# User talk:GFauxPas

## Contents

## Source Review

Just a quick heads up to draw your attention to Definition:Random Variable, which has an open SourceReview call listed on your name. — Lord_Farin (talk) 11:42, 5 April 2014 (UTC)

- I have that book packed away; I'll have to dig it up. --GFauxPas (
**talk**) 11:20, 8 April 2014 (UTC)

## zeta 2

If you've been watching my sandbox, you might have seen me work on this:

- $\displaystyle \int_{\to 0}^{\to 1} \ln x \ln \left({1-x}\right) \, \mathrm dx = 2 - \zeta\left({2}\right)$

Should I put this up as a theorem, or is it too specific an exercise to be worth sharing?

--GFauxPas (**talk**) 11:42, 9 April 2014 (UTC)

- I think it's worth sharing, specially after all the hard work you put into it. The name needs to be considered carefully. Might want to put it into an "/Examples" subpage of either Logarithms or Integral Calculus (or both) ... once I've reached that part of my Spiegel handbook where there are hundreds of examples of integrations I will be in there to flesh it out, but it's something I haven't got to yet. --prime mover (talk) 04:26, 10 April 2014 (UTC)

- Or maybe under Basel Problem... --GFauxPas (
**talk**) 11:03, 10 April 2014 (UTC)

- Or maybe under Basel Problem... --GFauxPas (

- No, rather not under Basel problem -- the latter is a specific problem with a specific solution (i.e. the one Euler came up with, which explains its name), this just happens to have a result which includes the same zeta instance. --prime mover (talk) 16:43, 10 April 2014 (UTC)

## Real and Imaginary Parts

Are these theorems?

- $\displaystyle \int \operatorname{Im}\,\left({f\left({s}\right)}\right)\, \mathrm ds = \operatorname{Im}\,\left({\int f\left({s}\right)\,\mathrm ds}\right)$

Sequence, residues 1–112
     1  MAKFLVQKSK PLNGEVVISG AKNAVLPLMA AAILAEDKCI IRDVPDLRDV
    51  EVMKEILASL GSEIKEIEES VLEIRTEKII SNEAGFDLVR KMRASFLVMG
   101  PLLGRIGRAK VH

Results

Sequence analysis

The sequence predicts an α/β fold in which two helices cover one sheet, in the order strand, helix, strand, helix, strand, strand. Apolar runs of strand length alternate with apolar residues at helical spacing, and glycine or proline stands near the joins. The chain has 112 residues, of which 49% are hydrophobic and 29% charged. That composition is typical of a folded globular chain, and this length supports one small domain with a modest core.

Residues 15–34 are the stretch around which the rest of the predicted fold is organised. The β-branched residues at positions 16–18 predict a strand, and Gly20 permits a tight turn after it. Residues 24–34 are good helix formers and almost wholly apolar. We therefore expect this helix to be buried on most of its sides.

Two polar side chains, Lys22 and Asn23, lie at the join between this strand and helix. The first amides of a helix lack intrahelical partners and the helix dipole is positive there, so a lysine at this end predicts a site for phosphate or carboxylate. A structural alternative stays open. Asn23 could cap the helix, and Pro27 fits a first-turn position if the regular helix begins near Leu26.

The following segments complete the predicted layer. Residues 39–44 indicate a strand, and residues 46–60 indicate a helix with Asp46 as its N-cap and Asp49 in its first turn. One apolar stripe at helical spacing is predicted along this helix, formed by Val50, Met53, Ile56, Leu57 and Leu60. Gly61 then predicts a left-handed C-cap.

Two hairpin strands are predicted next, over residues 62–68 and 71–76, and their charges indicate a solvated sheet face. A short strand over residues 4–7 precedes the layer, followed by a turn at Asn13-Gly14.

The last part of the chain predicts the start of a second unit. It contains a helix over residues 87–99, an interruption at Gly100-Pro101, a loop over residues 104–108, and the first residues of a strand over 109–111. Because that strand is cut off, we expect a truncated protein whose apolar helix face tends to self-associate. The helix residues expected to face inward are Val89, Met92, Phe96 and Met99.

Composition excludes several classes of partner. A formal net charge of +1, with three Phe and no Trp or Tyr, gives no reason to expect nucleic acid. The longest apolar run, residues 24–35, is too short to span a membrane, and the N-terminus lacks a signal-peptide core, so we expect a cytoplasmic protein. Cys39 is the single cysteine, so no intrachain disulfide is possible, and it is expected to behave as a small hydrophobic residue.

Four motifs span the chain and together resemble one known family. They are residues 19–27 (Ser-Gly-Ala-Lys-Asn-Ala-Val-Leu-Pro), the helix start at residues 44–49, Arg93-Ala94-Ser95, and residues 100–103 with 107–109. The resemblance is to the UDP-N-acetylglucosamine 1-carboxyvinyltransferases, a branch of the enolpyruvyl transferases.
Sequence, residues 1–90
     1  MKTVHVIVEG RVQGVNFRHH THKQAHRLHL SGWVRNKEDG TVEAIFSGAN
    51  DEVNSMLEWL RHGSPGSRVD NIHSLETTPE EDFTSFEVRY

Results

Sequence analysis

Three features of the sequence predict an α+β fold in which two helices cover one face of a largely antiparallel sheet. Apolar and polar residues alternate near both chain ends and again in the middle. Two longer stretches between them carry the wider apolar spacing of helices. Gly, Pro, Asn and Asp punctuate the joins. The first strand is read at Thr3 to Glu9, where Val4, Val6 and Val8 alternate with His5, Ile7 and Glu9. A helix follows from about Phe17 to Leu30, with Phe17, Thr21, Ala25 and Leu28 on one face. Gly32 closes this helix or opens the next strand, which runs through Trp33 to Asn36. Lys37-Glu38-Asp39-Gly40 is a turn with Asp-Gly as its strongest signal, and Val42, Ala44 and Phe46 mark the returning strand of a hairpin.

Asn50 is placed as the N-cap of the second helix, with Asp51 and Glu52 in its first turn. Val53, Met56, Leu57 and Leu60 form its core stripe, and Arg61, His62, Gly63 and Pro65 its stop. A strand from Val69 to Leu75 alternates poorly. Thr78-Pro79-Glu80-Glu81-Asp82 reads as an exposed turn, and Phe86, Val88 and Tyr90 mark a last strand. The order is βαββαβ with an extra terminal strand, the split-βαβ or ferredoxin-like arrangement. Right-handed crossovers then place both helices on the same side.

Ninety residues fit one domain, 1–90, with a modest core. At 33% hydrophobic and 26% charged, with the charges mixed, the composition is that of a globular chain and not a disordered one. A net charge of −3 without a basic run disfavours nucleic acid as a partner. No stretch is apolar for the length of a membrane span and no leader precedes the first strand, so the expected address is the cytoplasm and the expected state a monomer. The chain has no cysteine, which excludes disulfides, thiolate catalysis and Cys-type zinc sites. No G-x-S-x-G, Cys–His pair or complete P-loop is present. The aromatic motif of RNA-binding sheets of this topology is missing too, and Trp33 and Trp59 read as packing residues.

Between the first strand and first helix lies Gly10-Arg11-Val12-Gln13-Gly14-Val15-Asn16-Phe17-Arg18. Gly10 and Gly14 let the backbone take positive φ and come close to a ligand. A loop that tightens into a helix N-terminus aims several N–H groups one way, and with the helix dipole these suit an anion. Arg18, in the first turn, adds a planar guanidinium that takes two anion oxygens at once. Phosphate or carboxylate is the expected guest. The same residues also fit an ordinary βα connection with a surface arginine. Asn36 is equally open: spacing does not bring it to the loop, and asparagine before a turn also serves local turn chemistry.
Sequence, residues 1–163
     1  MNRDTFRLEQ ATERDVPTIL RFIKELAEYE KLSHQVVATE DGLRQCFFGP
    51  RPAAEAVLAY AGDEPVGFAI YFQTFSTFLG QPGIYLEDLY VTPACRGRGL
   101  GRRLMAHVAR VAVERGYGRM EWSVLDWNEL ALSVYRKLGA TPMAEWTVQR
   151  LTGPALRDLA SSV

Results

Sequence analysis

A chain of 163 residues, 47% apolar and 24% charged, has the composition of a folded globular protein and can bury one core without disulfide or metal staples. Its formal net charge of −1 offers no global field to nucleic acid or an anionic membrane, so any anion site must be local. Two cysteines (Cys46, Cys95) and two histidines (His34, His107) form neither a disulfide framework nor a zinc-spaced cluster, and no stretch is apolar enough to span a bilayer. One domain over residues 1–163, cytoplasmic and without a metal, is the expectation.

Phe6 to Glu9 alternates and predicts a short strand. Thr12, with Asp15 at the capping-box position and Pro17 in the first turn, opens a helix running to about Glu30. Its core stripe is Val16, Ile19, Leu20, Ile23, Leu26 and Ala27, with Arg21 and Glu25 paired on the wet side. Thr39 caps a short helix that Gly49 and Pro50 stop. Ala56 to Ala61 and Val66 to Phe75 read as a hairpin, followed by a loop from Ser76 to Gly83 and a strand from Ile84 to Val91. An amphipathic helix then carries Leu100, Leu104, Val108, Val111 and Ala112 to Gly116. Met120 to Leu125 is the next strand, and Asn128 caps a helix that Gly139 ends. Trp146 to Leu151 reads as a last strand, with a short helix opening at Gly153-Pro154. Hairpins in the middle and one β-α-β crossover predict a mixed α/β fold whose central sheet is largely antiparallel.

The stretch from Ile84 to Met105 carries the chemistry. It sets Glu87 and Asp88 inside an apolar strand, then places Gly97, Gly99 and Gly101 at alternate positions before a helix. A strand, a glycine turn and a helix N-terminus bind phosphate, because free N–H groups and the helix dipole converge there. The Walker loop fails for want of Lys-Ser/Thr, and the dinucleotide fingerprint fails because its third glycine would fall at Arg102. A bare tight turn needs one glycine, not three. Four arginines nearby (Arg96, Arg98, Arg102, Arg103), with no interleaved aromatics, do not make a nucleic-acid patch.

- $\displaystyle \int \operatorname{Re}\,\left({f\left({s}\right)}\right)\, \mathrm ds = \operatorname{Re}\,\left({\int f\left({s}\right)\,\mathrm ds}\right)$

for real $s$? For complex $s$?

--GFauxPas (**talk**) 12:14, 5 May 2014 (UTC)

- If $f$ is real then it's true trivially. If $f$ is complex then I believe (although I would have to go back to my source works to prove it) that it's not.

- The question for whether it is true for real or complex $s$ (as opposed to $f$) I'm not sure how much sense it makes, but consider the fact that while $s$ may be real then it may not be the case that so is $f(s)$.

- I don't know without thinking about it for more than 5 seconds but, as I say, I don't believe so. --prime mover (talk) 12:52, 5 May 2014 (UTC)

## Gamma function Proof

Regarding the proof for:

- $\displaystyle \mathcal L \left \{ {t^p} \right \} = \frac {\Gamma \left({p+1}\right)} { s^{p+1} }$

for $\operatorname{Re}\left({p}\right) > -1$, some sites are doing this. Is it justified?

- $\displaystyle \int_0^{\to +\infty} t^p e^{-st} \, \mathrm dt = \int_{0}^{?} t^p e^{-u} \frac {\mathrm dt}{\mathrm du}\, \mathrm du$

where $u = st$, and then doing various stuff with the limits of integration. But it seems to me like a mistake; if $u$ is complex, then how can the limits of integration be complex? If $u$ is real, how can we replace a complex variable with a real variable?

I asked someone about this and he suggested that maybe they're making the integral into a contour integral, but that doesn't help me make it look like $\Gamma$... or does it? --GFauxPas (**talk**) 14:19, 26 May 2014 (UTC)

- It's justified. You can prove by using the contour of two rays going to infinity, connected by an ever larger arc, that the "direction" of the infinity does not influence the value of the integral. This is because the integral over the arc goes to zero, because of the exponential. 't May be beyond the current scope of PW, though. — Lord_Farin (talk) 17:46, 26 May 2014 (UTC)

- Once I get to it, I intend this *not* to be beyond the current scope. It's all in my complex analysis source notes -- but these are all buried way down in the substrata of the intellectual sedimentary rock that my office resembles ... and anyway, I'm mucking about with primitives at the moment. --prime mover (talk) 19:35, 26 May 2014 (UTC)